From Epic to Hellenic: Part Five of Six

From Epic to Hellenic: Part Five of Six

Connecting tradition with heroism

This is part five of a six part article exploring the Classical traditions of heroism. My high school philosopher teacher once remarked that one can perceive perfection as a balance. With that in mind, consider the idea that perfection in a hero is found in the balance of masculinity and femininity.

Interestingly enough, Homer’s other epic Odyssey chronicles the long, arduous journey home of the cunning hero, Odysseus that reflects the same heroism archetype as the Iliad. Similar to Achilles in the Iliad, Odysseus feigns insanity by plowing the beach to attempt to evade the “draft” that the Greeks had for the Trojan War. The reason that Odysseus tries to evade war is unknown, but it can be attributed to the same sort of hubris that Achilles had.

Perhaps Odysseus thought that his cunning trumped other men’s abilities, so he did not want to risk his life. Odysseus’ cunning and unparalleled intelligence spawns the Trojan Horse, which ultimately ends the Trojan War with a victory for the Greeks. The Odyssey picks up where the Iliad left out, detailing Odysseus’s travels home, where he encounters Polyphemus, almost loses his memory at the Land of the Lotus Eaters, and many other struggles that are designed to make him lose his way. One of the struggles that Odysseus faces is similar to what Achilles faced in the Iliad, which is the effect of deadly pride.

The Sirens sing the future of men and reveal knowledge that one cannot find anywhere else. However, the Sirens lure men to their death with their voices by tempting and coaxing them off the boat they are on. Odysseus instructs his men to tie him to the ship and to plug their ears with beeswax, but Odysseus himself longs to hear their voices and believes that he harnesses enough strength to resist the temptation that the Sirens present. Ulysses and the Sirens by John William Waterhouse artfully illustrates the scene with a glowing Odysseus perching forward, leaning towards the dark and gloomy Sirens.

The colors that Waterhouse uses show the godliness that Homer gives to Odysseus. While Achilles literally almost became a god due to the powers of the Styx, Odysseus’ godlike characteristics lie more in his wit and his desire of forbidden and telling knowledge.

These godlike characters may differ in the characteristics that extenuate their godliness, but Homer unites them with respect to their pride. Similar to the Iliad and Achilles, Odysseus does not perish because of this pride even though he almost does with the Sirens. In fact, Odysseus never dies in the Odyssey itself. In both epics, Achilles and Odysseus are plagued with this form of insurmountable pride, but this pride never kills them. Achilles dies of a flaw independent of internal characteristics and Odysseus lives to tell the tale of how he narrowly escapes the Sirens.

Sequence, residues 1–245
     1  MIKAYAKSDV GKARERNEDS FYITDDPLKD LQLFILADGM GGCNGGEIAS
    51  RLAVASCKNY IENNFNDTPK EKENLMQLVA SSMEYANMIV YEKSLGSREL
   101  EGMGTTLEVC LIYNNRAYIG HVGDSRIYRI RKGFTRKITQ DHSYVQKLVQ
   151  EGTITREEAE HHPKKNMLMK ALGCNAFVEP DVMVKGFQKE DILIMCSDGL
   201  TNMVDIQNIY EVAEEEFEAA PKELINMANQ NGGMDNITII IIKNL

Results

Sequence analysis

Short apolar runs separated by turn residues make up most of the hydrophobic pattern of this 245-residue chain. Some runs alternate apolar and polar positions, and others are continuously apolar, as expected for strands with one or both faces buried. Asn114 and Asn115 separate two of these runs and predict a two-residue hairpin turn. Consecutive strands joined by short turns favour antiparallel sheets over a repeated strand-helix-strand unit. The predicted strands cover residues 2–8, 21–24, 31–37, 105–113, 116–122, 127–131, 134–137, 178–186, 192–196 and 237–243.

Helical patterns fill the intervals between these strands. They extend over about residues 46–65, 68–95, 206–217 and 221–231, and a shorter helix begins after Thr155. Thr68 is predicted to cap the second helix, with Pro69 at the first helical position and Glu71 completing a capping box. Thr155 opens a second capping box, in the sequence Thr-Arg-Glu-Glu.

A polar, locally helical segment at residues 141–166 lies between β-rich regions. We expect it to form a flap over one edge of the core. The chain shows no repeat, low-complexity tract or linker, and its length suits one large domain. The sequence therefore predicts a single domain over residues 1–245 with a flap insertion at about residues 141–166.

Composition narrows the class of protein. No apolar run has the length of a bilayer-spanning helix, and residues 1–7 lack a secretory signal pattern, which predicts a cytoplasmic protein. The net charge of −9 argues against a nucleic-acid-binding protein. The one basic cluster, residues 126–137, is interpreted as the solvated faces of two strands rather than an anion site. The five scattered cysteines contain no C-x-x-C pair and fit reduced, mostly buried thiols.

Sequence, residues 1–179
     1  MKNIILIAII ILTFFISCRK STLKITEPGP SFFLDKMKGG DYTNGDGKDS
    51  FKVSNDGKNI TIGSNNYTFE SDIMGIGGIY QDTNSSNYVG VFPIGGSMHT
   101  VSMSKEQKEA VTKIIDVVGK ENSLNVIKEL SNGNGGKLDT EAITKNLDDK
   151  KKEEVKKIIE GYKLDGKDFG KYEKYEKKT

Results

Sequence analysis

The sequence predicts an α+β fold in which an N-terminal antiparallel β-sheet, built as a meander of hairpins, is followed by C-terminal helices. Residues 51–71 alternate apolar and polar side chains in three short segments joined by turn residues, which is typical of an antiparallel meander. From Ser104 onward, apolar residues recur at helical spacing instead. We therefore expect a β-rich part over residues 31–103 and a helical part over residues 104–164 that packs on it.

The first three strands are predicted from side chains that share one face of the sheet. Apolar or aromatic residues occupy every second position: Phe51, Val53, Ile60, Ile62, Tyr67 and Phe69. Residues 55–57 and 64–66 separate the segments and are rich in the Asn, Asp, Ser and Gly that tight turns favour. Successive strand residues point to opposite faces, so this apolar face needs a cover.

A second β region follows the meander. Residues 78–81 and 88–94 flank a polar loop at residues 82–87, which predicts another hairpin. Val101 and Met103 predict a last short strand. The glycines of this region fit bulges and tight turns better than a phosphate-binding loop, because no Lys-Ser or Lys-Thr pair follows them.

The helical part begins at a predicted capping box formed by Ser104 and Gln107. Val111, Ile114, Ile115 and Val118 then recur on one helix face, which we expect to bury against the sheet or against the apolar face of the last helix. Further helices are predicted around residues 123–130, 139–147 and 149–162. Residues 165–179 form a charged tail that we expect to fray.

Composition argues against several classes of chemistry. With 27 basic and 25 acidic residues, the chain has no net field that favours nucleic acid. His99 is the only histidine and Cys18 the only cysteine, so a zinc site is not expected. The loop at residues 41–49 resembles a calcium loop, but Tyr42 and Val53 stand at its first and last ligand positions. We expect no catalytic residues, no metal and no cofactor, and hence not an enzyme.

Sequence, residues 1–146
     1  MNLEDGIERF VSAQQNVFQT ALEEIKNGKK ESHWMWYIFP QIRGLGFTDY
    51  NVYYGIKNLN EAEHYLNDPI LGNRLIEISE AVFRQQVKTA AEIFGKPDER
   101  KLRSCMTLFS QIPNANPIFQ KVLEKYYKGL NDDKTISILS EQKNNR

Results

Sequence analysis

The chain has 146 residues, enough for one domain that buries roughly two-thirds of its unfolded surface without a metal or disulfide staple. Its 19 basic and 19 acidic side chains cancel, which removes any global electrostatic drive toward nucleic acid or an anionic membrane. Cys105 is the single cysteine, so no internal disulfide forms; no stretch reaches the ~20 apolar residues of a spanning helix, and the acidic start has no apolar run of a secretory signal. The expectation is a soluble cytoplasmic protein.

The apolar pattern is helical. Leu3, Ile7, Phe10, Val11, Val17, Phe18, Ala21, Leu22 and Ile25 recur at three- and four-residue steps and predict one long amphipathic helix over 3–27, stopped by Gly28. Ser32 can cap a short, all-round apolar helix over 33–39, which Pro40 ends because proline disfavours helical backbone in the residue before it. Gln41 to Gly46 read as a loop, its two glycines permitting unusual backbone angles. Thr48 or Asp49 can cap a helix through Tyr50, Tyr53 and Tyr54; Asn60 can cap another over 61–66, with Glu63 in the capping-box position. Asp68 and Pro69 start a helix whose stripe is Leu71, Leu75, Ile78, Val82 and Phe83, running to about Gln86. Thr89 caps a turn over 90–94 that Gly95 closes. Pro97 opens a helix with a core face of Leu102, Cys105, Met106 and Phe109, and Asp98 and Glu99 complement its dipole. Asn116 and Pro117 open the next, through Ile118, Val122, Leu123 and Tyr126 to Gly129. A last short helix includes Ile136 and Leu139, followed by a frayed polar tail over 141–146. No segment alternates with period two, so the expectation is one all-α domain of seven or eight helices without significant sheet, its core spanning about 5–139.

Homer’s two-fold heroism archetype in both the Iliad and the Odyssey synthesizes together to show the different aspects of a Greek hero. Rutherford opens up by discussing how the Iliad and the Odyssey are very different works, but are believed to have been written by a single poet. However, the differences between the two are with the narrative especially regarding the hero.

In the Iliad, Achilles as a hero is skimmed over way more than Odysseus is. Odysseus has a happy ending where he returns home, slays the suitors, and resumes his marriage with Penelope. However, Achilles does not have a happy ending as Briseis is taken away from him and he eventually dies. The treatment of heroes is very different and leads some Classists to believe that the epics were written by different poets. However, Rutherford points out that the two epics are similar in length to one another, more so than other epics. The structure and the meter of the poems also give evidence that the poems are written by the same poet.

Cover Image Credit: On the Screen Reviews

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